Riders Feel Railroaded by Caltrain Fare Hikes

Caltrain at Palo Alto Station. Photo: Wikimedia Commons
Caltrain at Palo Alto Station. Photo: Wikimedia Commons

Public transportation becomes less accessible for low-income Peninsula residents and workers this year with fare increases for both Caltrain and SamTrans buses. Caltrain tickets go up by fifty cents on February 28 while SamTrans bus tickets were raised by 25 cents on January 10. Unlike Muni, neither agency offers discounted tickets to transfer between buses or between the train and buses, and neither offers a discount for low-income residents or students.

“I’m a longtime Caltrain rider… but with the fare increase I might be considering other transportation alternatives,” said Sunnyvale resident Dora Tello at the December 3 Board meeting where the fare hike proposal was considered. “Please do not raise fares.”

“By raising the prices we will be excluding people,” said San Francisco Supervisor Malia Cohen, the lone Caltrain Board member who voted against the proposal.

Caltrain officials estimate the fare increases will bring in $8 million more per year, which they say is needed to keep up with rising costs. While Caltrain has long maintained that electrification of the passenger rail service would reduce costs by switching from diesel fuel, its operating budget is projected to rise from $128 million today to $182 million by 2021, when the new electric trains begin running. However, there will be a concurrent increase in service, capacity, speed and, presumably, riders–so the increased costs should be offset by more revenue from ticket sales. In the railroad industry this is known as the “sparks effect.”

Either way, “Everybody isn’t going to get everything they want,” stated San Mateo County Supervisor and then Caltrain Board Chair Adrienne Tissier in response to complaints that ticket prices are already too expensive. “We all have to do our fair share to keep the train alive.”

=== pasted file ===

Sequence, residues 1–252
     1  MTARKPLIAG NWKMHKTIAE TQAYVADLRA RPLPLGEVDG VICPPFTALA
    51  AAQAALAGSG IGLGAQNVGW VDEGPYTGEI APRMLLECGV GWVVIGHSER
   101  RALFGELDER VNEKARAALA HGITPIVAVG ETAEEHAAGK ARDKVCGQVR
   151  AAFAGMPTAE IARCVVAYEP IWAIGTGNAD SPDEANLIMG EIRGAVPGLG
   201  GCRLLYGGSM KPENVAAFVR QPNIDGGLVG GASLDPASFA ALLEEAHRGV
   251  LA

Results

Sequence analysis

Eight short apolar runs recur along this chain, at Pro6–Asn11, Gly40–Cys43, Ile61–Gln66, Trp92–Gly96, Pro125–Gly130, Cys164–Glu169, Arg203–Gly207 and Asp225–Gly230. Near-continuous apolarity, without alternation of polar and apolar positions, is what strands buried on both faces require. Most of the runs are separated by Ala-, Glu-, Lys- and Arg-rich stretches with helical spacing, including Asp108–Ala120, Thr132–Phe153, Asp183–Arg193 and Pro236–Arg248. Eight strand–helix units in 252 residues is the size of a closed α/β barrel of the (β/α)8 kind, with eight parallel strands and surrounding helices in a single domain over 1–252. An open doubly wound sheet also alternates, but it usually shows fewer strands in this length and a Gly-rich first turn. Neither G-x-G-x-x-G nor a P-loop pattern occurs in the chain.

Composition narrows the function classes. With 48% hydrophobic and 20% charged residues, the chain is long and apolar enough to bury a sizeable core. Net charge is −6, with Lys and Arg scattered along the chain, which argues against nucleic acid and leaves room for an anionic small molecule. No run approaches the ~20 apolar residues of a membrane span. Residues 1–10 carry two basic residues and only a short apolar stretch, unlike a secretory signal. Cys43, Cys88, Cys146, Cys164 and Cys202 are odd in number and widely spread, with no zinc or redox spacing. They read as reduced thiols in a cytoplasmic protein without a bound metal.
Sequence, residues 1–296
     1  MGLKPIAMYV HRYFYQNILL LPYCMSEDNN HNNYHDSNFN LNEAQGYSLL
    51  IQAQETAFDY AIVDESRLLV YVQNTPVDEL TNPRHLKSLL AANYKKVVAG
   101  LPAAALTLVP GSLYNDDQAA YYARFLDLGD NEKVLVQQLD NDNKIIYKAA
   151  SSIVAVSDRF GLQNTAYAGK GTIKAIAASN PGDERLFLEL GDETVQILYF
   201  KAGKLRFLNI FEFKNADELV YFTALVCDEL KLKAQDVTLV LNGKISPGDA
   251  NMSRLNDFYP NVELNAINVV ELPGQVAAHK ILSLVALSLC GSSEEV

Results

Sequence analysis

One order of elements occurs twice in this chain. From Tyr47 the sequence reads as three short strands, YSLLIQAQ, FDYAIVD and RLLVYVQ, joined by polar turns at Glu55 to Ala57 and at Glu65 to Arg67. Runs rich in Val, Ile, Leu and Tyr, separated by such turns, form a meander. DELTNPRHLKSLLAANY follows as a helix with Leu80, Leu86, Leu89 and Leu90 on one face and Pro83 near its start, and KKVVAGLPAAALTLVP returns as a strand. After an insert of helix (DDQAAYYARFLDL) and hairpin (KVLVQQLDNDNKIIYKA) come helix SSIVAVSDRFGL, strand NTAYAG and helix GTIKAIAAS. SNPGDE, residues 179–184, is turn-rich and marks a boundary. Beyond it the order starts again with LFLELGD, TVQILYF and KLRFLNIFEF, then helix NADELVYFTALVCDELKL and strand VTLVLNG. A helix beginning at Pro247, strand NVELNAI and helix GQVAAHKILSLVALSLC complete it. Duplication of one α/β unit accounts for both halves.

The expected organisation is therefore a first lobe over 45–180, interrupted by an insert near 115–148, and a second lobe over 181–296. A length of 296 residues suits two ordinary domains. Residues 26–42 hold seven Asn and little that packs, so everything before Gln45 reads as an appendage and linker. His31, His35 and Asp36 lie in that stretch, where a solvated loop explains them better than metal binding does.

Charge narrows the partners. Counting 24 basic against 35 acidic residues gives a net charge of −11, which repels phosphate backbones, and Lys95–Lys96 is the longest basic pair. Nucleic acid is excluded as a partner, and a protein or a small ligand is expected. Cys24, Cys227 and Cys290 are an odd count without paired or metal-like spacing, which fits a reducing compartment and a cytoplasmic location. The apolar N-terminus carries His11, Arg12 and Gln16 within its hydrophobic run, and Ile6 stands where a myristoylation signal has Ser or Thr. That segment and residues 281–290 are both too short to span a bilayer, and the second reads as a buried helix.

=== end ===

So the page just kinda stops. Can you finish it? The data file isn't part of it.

“I’m going to support the increase,” said Board member and San Francisco Treasurer Jose Cisneros at the meeting. “I’ve seen us come way too often to the budget discussion where we’ve had to look at cutting service.”

But transit advocates have long noted that the agency’s Go Pass program, which sells all-zone, unlimited-ride tickets to large employers, provides far too steep of a discount, ignoring a major revenue source. Go Passes are sold for $190 per year per eligible participant, usually employees who work at least 20 hours per week. To participate, companies must purchase passes for all eligible employees, whether or not they ride Caltrain to work.

Stanford University, for example, receives a discount of over 50 percent for the Caltrain passes it provides its employees as part of their compensation packages. About 25 percent of the university’s workers use Caltrain, which means Stanford purchases four passes for every one that actually gets used, or $760 per year per Caltrain commuter. Without the Go Pass program, the university would be paying either $1,512 per year (two zones) or $2,148 (three zones) for most of their workers. Over 100 organizations (mostly private companies) participate in the Go Passes program.

A comprehensive fare study later this year will “review the fare structure and pricing system-wide, including the cost of a monthly pass and GoPass, as well as the potential for income-based fare discounts,” according to the agency’s December staff report [PDF]. Demand for riding Caltrain is at an all-time high, and free transit passes are an increasingly coveted perk for tech workers.

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